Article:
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  • Writer's pictureGuy Jeffries

My Cousin Rachel Review

Director: Roger Michell

Notting Hill and Changing Lanes director, Roger Michell, gives us his adaptation of the much loved English author, Daphne Du Maurier's novel, My Cousin Rachel that was first published in 1951. It's not the first adaptation; Henry Koster's 1952 version starred Richard Burton and Olivia de Havilland but Du Maurier really did not approve and there was a mini series back in the eighties. The complexities of the plot did warrant a good foundation for a miniseries. Even though it's probably not one of Du Maurier's better known novels versus Rebecca, The Birds and Jamaica Inn, (yes, Hitchcock was obviously a massive a fan of her fiction.) there's quite a legacy with even a walk that's toured along the Cornwall coastline around Du Maurier's hometown of Fowey which obviously provides much of the inspiration for setting the scene.

So how does this new version fare? It's a period romance/mystery/drama that I believe is predominantly set in 17th Century Cornwall on a rich estate left to a young man, Philip by his cousin and guardian Ambrose Ashley who dies under suspicious circumstances, having married an unknown woman, Rachel. The impression of ill play is only enforced by a series of correspondence written and sent by Ashley prior to his death. However, all does not make sense when Philip eventually meets Rachel and his angry and vengeance is replaced with an infatuation that that blindingly sways both his feelings and opinion of his cousin Rachel.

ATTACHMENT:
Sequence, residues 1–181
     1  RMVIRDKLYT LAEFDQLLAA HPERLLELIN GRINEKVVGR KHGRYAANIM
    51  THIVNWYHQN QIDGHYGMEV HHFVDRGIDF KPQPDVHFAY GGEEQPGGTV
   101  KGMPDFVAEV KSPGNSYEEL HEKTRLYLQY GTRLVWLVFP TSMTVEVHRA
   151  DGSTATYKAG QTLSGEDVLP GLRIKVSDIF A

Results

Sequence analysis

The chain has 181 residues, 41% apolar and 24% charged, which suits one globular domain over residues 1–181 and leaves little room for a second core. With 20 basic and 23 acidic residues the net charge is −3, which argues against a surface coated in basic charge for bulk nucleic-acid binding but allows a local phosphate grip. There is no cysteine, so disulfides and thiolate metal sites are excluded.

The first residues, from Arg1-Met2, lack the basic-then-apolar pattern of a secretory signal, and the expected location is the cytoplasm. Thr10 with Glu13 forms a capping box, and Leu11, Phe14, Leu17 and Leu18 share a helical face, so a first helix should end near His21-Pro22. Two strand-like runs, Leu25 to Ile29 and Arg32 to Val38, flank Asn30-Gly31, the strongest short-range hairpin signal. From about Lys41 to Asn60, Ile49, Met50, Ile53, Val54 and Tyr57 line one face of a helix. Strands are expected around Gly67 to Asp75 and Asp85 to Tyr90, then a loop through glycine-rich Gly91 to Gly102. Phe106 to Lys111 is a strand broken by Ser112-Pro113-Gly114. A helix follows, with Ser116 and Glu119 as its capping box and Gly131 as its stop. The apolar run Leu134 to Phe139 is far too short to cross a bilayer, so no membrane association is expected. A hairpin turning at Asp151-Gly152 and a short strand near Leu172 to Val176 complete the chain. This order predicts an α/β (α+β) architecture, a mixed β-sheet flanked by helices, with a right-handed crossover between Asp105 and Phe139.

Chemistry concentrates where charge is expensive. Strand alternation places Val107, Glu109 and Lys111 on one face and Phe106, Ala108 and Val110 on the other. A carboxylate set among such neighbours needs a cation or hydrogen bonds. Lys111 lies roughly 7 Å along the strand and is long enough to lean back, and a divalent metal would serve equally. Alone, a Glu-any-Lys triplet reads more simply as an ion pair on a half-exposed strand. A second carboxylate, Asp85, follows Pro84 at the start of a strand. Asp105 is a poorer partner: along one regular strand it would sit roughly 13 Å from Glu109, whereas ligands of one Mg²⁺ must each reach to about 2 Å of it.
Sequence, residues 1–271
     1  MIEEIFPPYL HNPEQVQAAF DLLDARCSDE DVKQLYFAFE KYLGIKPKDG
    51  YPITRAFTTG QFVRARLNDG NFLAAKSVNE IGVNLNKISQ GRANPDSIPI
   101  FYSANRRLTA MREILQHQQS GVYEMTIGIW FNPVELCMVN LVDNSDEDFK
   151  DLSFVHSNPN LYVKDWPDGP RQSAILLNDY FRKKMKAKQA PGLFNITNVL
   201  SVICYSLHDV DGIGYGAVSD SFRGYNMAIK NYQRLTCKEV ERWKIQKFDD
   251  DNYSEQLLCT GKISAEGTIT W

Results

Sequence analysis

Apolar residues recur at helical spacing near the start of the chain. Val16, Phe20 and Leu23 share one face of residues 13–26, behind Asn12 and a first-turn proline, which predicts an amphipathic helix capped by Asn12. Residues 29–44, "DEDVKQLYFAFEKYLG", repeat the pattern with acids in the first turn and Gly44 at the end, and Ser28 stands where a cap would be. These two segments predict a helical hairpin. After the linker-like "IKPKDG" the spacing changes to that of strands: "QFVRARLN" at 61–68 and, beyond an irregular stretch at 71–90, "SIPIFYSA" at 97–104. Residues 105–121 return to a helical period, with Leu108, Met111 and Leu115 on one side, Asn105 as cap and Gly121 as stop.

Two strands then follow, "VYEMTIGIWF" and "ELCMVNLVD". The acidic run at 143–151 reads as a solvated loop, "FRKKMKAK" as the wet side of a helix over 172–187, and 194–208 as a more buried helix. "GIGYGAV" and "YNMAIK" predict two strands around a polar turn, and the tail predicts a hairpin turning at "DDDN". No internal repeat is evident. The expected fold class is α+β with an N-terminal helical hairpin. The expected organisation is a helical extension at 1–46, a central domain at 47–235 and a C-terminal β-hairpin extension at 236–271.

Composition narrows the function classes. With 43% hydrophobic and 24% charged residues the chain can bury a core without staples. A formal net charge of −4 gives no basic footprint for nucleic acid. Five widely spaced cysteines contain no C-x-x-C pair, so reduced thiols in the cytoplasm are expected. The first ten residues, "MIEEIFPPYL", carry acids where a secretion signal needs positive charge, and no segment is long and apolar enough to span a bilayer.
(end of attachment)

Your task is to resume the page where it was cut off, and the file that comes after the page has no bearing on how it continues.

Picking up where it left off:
Both Claflin and Weisz both give brilliant performances, both being very convincing and comfortable within their roles. Possibly Weisz having the more challenging part to play due to appearing honest whilst still having a strong aura of mystery. This is what keeps your attention throughout, Weisz's alluring presence and Claflin's growing obsession.

The film is very well balanced where it seesaws continuous between "did she?" And "she didn't." The story is filled with paranoia counterweighted with intrigue all the way to it's bitter end. And even then, after conclusion, you might leave the film with more doubts and questions than what original spawned during the film and your intrigue might demand you to watch it all again.

It's beautifully staged and shot with some intricate pieces using great focus and scope. Though I was actually expecting something more stylistic from what I saw in the trailer, or should I say, the trailer was more alluring and better made. Especially with Ursine Vulpine's amazing cover of Chris Isaak's "Wicked Game" playing over. It made me expect something like a Fifty Shades of Grey set in Victorian Cornwall. It's misleading making me hope for a period drama with some fresh style however what I got was simply a still very good period drama.

It's such a shame because it's well made with great production, yet, probably expected more from Rael Jones' score. I think the trailer poisoned my expectations to level it ruined the overall enjoyment, but fans of period pieces should enjoy. Maybe don't watch the trailer.

Running Time: 7

The Cast: 8

Performance: 8

Direction: 8

Story: 8

Script: 8

Creativity: 8

Soundtrack: 3

Job Description: 3

The Extra Bonus Point: 0

61% 6/10

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